for trashbot 6 i planned to change the arduino nano into a raspberry pi 2. i also moved the board below the hips as luckily, the three mgr 996 servos of the hip are as wide as the raspberry pi:
but as you can see on the lower left (where the edimax wifi plug is inserted), the usb ports are pretty much flush with the outer servos, i.e. the attached legs will not leave too much space for usb plugs. Continue reading →
I always love to obey to minimalism and I always love to construct stuff with a minimal amount of material and complexity. Of course, the question is then how replicable, durable and maintainable the result is.
In the present case it became obvious, that at some point in time, Trashbot would need to have an additional degree of freedom on his foot, namely an ankle that allows him to lean forward. The present prototype is acutally from August last year. But now I’m revisiting my designs as Trashbot recently got the long awaited additional hip servos and the logical next step is to add the ankle servos.
Last week I added three degrees more to Trashbot, two hip servos for forward movement (“kicking”) and one to the bone.
This week I found some time to do the first single servo movements and tests to check out the new geometry of the bot since the broader hips will affect the Center of Gravity etc. Here’s the first attempt to do what the normal gait would do: shift the body to one foot:
So, definetly software teaching me how to improve hardware… Next draft iteration: Continue reading →
I’ve been working on Trashbot for quite a while now, but the basic gait mechanism is still the same as in version one. The hips’ movements and the distance between the legs define the possible step length. This is annoying since the robot is rather tall and you’d expect that he’ll walk a bit faster than he actually does. However, moving faster induces stronger vibrations in the skeleton and makes him fall much easier.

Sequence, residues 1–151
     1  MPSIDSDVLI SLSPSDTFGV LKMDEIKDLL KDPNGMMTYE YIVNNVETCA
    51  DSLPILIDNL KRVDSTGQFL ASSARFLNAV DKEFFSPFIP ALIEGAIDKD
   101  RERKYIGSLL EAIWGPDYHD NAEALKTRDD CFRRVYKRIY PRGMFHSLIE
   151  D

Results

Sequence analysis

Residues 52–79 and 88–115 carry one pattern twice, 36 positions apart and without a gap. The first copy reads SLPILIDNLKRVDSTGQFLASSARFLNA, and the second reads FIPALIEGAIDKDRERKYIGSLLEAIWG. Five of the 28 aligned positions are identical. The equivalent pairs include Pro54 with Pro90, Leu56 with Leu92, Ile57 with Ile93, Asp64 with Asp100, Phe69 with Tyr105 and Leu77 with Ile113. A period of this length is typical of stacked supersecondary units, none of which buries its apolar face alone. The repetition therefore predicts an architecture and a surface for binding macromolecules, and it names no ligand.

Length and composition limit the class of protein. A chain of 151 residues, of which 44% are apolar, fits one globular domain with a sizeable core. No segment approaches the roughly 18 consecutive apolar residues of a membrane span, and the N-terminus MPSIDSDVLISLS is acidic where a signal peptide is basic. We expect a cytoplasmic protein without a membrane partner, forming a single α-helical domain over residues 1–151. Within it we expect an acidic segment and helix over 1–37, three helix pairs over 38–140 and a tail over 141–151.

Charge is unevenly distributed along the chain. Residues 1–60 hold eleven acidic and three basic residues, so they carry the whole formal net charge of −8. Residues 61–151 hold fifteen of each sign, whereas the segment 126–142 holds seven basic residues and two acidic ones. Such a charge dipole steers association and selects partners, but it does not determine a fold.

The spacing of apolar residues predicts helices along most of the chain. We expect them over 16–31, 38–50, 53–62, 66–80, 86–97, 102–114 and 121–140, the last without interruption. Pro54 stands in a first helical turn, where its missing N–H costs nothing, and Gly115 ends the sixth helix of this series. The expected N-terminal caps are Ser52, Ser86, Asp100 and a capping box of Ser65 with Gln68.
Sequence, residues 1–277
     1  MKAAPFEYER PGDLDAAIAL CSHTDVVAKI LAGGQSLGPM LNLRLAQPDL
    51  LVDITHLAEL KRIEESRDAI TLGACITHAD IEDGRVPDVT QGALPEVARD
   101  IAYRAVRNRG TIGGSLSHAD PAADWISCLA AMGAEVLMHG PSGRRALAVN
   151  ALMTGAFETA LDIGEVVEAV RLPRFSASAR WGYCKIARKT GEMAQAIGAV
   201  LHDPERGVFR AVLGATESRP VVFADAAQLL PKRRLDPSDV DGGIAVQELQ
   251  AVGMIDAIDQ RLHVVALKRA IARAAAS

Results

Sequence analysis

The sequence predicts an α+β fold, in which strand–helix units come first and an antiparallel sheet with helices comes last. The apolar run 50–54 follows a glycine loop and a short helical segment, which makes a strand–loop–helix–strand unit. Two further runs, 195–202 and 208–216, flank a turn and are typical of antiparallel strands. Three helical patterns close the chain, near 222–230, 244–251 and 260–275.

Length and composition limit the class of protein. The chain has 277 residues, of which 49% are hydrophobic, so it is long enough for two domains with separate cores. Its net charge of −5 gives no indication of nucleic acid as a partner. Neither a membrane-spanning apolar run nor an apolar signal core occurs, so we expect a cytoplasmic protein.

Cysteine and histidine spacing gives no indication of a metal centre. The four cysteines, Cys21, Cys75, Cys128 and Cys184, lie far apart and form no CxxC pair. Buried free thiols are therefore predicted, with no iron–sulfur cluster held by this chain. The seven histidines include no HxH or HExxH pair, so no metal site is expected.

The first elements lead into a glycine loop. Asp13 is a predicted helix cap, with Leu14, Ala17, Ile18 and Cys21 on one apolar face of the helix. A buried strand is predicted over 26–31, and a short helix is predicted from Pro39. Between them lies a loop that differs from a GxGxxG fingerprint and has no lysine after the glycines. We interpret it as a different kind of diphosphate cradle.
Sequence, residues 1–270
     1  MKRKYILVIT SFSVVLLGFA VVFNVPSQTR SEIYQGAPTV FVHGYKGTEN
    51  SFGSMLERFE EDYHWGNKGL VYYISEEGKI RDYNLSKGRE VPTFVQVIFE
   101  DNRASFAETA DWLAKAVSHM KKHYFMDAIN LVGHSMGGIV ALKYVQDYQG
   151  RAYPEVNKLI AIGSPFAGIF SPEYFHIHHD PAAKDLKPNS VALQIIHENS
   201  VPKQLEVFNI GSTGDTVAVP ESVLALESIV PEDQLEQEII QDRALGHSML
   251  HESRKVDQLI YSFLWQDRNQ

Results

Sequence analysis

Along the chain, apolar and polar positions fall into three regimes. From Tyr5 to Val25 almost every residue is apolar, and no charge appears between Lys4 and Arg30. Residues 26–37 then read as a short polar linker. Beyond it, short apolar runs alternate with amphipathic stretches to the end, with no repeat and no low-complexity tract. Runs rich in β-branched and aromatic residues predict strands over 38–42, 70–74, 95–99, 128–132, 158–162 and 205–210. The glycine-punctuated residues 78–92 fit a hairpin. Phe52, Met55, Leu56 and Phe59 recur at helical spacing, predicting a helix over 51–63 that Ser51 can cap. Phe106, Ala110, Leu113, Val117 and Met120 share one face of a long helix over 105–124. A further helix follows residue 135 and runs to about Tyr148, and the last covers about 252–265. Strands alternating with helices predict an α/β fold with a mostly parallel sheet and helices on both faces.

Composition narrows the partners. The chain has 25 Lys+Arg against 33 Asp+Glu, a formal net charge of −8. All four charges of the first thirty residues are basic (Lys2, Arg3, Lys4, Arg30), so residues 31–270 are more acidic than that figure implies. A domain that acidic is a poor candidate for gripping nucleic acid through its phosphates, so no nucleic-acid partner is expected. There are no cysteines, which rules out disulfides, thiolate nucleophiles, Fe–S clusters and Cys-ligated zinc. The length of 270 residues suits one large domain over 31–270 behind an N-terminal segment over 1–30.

this time it took really long to make more progress on trashbot but i had the feeling that there were many little improvements that made the bot better and somehow it felt like none of them were big enough to be worth a post.
now in the end i learn that quite a lot happened during the last 8 or so weeks and over easter i invested some time also into the cleanup of the software.
first of all, i added shins to the legs so that he wouldn’t swing too much when shifting his weight from one foot to the other. i used some screw / hooks that you use to hang wired lamps and have a tension on the wires:
recently, i had the idea to attach a laser pointer to trashbot’s neck and investigate the amplitudes of the laser on the ceiling. this time, the blog entry is shorter but the “how-to” is in the video:
from the results you can see much better the difference between active balancing:
vs no balancing (the spine is stiff, the upper body moves with the hip, thus larger amplitudes):
with this technique, i hope to be able to document further improvements on the movement, especially when i connect the gait pattern with the balancing mechanisms as scientific robots do.
i recently contrasted trashbot 3’s walk with the spine balancing or bein static and was not happy with the result of the video. one can have the impression that active vs non-active balancing is somewhat similar but in fact the real robot “feels” different as we’ve seen in the video above.
next, i’ll attach a little camera (gopro clone) to the trashbot’s chest to view the gait from “first person” perspective…